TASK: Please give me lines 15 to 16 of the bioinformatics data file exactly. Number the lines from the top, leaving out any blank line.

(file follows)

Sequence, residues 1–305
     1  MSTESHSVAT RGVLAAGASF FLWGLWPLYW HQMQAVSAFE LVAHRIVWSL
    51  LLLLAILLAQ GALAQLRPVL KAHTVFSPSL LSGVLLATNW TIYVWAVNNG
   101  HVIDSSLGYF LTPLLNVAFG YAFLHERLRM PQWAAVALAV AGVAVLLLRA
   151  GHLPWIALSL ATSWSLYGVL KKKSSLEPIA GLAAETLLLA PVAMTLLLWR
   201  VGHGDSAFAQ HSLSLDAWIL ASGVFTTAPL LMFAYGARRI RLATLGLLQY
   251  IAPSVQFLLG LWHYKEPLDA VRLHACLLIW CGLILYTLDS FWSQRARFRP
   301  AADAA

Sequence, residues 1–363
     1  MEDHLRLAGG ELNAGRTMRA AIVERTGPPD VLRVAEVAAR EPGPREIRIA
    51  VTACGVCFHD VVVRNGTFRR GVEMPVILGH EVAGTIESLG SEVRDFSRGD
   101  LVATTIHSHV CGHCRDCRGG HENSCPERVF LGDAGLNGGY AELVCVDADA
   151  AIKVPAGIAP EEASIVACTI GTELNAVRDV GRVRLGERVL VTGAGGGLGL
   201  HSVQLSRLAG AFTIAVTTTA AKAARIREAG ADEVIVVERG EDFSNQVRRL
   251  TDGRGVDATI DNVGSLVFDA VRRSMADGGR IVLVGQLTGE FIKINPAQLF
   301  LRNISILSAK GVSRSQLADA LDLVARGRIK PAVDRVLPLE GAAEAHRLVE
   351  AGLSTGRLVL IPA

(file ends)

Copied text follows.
   251  TDGRGVDATI DNVGSLVFDA VRRSMADGGR IVLVGQLTGE FIKINPAQLF
   301  LRNISILSAK GVSRSQLADA LDLVARGRIK PAVDRVLPLE GAAEAHRLVE